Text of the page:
• Our opinion of value  is based on visiting the subject property, the location, the comps and performing proper analysis. In other words, we must have properly followed the 6-step requirement of USPAP (click on the link to get a free electronic copy of USPAP) in order to arrive at a reasonable value of opinion for the property.
  • We can however provide the clients with a range of prices that similar properties had been sold within the last 3-6 months and we call it a comp-check .
  • The range of prices that we arrive might be different from opinion of value for the same property.

The following questions are asked by many appraisers: if they can legally perform a comp check without being in violation of USPAP. We have prepared the following Q&A section to answer your concerns:

Q: I was asked to perform a comp check. Assuming that I have complied with all applicable USPAP regulations, this comp check what type of assignment would be considreded?

A: It is a part of appraisal practice for which there is no STANDARDS

Q: Can Appraisers Perform "Comp Check" Assignments?
Question: I'm a residential appraiser and have been asked to perform a "comp check" (or "pre-comp") assignment, where a client wants to get an idea of the value of a home prior to proceeding with a mortgage financing transaction. Does USPAP allow me to perform this type of assignment?

Response: Yes. As stated in FAQ #130 in the 2008-09 edition of the USPAP document, these types of assignments are allowed under USPAP. To understand the USPAP requirements, it is important to identify exactly what the appraiser is being asked to do. If the appraiser is asked to "provide comps," that would typically mean the appraiser would be exercising his or her own judgment to determine which sales are most "comparable" to the subject property. The appraiser may choose to include only those sales that he or she deems are most similar to the subject in size, location, quality, etc., which could mean that certain sales may be omitted. In this case, the resulting data would have been "filtered" by the appraiser's judgment, which would have the net effect of providing a range of value to the client. This range of value is defined as an appraisal under USPAP; therefore, the appraiser would be obligated to comply with STANDARDS 1 and 2.
But as FAQ #130 also states, "comp check" assignments should be contrasted to requests for an appraiser to simply provide data. For example, an appraiser asked by a client to provide "sales data of all homes located within a one mile radius" of a specific address could comply with the client's request without complying with STANDARDS 1 and 2, because the appraiser would just be providing sales data pursuant to the client's defined parameters. In this example, the appraiser must be careful not to communicate any opinions or conclusions regarding the data provided.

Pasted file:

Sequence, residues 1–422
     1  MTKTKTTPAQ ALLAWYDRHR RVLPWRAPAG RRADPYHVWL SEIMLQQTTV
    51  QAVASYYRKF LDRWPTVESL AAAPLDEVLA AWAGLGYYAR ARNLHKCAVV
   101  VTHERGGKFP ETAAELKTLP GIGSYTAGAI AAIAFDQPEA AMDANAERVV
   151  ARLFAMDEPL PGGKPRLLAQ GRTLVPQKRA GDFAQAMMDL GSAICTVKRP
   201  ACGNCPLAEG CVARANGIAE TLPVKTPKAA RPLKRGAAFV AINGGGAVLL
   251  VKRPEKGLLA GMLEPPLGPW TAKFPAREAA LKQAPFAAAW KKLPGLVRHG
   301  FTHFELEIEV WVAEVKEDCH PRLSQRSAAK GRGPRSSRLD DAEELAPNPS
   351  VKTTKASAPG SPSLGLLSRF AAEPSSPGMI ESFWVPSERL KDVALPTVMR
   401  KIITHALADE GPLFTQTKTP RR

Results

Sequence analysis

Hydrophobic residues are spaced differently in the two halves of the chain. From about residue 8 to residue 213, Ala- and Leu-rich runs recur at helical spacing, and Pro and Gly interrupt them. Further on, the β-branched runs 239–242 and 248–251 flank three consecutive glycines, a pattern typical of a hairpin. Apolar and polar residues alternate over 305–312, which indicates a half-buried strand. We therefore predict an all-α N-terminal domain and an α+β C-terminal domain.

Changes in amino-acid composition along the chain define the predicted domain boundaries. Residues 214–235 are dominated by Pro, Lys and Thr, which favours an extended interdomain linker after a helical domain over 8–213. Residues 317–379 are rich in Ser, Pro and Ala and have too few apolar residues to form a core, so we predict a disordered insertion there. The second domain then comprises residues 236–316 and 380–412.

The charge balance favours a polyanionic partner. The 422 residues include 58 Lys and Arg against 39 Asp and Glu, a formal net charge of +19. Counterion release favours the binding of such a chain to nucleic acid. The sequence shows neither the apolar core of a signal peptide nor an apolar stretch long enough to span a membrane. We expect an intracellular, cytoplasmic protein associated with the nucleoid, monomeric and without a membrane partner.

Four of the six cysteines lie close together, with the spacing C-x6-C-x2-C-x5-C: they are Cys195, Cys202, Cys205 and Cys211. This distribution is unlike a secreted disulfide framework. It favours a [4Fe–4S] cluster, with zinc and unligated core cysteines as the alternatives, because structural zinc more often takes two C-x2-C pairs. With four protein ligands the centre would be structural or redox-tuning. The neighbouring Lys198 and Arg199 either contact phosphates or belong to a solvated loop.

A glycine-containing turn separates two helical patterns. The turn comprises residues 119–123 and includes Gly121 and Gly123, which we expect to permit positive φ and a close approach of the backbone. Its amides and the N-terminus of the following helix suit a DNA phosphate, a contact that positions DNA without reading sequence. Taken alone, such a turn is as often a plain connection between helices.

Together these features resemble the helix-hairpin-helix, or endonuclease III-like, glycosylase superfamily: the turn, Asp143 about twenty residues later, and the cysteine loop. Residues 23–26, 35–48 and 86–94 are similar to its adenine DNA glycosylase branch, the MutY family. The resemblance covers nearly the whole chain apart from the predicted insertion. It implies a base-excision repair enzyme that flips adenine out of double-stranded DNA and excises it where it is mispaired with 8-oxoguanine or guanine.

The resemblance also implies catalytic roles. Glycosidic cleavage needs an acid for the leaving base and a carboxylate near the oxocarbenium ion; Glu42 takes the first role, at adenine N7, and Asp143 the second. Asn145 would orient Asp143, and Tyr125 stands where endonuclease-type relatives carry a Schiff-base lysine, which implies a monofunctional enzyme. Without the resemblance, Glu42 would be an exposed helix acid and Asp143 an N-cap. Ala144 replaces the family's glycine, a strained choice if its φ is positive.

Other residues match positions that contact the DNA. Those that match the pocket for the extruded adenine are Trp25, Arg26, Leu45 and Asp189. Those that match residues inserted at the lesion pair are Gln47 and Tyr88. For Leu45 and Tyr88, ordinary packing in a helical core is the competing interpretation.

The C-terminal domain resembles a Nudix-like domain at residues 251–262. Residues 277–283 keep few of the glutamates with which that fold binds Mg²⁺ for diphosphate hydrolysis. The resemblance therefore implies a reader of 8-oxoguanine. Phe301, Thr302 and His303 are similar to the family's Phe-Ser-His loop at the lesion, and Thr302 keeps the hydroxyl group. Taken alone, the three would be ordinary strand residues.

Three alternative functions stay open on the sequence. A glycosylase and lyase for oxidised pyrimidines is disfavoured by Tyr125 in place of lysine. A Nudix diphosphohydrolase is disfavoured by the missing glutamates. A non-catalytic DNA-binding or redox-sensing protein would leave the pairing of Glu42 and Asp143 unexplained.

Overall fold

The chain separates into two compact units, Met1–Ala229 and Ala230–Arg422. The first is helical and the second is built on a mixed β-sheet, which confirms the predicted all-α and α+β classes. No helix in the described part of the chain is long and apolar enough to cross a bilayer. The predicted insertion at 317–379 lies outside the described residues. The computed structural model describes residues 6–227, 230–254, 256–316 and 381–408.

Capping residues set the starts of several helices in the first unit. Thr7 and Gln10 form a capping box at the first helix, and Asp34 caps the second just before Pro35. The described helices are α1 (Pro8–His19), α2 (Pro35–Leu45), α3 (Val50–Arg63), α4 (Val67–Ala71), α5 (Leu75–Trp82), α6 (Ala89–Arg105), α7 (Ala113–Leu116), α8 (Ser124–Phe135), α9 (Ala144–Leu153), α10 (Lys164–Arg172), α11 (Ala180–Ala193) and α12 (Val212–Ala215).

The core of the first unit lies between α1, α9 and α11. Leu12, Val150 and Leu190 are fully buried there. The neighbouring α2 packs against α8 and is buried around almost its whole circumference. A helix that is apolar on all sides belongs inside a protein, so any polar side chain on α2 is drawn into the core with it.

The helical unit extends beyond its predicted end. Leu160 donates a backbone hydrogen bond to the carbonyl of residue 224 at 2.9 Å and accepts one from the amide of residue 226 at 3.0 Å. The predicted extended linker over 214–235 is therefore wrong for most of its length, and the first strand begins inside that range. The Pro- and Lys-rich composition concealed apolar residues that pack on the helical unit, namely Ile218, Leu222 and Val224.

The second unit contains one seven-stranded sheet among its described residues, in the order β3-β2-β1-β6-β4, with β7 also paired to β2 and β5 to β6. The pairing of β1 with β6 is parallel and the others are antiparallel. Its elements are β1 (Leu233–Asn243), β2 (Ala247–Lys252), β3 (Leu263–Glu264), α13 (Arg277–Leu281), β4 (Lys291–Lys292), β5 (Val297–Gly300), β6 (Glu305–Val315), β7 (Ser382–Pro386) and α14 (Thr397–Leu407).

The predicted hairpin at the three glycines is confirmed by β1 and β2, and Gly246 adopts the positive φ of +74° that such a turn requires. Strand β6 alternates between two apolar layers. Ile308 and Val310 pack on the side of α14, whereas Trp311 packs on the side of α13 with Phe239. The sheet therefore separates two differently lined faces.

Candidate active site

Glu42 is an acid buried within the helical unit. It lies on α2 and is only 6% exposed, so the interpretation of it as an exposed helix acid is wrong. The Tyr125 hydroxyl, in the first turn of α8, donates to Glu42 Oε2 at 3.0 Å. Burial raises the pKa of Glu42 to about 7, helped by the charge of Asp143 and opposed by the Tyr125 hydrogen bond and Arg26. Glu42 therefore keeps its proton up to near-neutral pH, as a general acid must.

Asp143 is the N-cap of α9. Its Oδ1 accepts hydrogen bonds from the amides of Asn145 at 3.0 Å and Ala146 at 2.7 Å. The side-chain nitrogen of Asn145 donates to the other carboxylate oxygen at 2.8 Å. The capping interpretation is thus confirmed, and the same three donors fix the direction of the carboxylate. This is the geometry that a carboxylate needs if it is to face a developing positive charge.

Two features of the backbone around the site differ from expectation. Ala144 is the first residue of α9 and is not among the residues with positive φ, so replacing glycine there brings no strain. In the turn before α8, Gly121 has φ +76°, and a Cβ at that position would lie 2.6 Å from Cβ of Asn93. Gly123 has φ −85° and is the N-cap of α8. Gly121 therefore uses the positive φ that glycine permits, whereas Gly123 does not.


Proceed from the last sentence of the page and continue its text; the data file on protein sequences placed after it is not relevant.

For additional related guidance on this topic, please refer to Advisory Opinion 19, Unacceptable Assignment Conditions in Real Property Appraisal Assignments and Illustration #4 "Appraisal and Market Information" in Advisory Opinion 21, USPAP Compliance.

Can Appraisers Perform "Comp Check" Assignments for Free?
Question: Does USPAP allow appraisers to perform "comp check" assignments for free?

Response: Yes. However, the appraiser would have to ensure that receiving a "full" appraisal assignment is not contingent upon the result of the "comp check" assignment. The Management section of the ETHICS RULE states, in part:
It is unethical for an appraiser to accept an assignment, or to have a compensation arrangement for an assignment, that is contingent on any of the following:
1. the reporting of a predetermined result (e.g., opinion of value);
2. a direction in assignment results that favors the cause of the client;
3. the amount of a value opinion;
4. the attainment of a stipulated result; or
5. the occurrence of a subsequent event directly related to the appraiser's opinions and specific to the assignment's purpose.
(Bold added for emphasis)

Is Disclosure of a Free "Comp Check" Assignment Required?
Question: If I perform a free "comp check" assignment and my client subsequently requests me to perform a "full" (or more "traditional") assignment on the same property, do I have to disclose the free "comp check" assignment as having provided a "thing of value" to procure the new assignment?

Response: No. The Management section of the ETHICS RULE states, in part:
The payment of undisclosed fees, commissions, or things of value in connection with the procurement of an assignment is unethical.
Since USPAP prohibits the second assignment from being contingent upon the first, the free "comp check" could not be considered part of "procuring" the second assignment. Therefore, disclosure of the free "comp check" assignment would not be required. Appraisers may, of course, elect to disclose the prior assignment, but it is not required by USPAP.
An appraiser can provide a free "comp check." An appraiser cannot provide a free "comp check" AND the pursuant appraisal if the engagement was contingent upon developing or reporting predetermined results.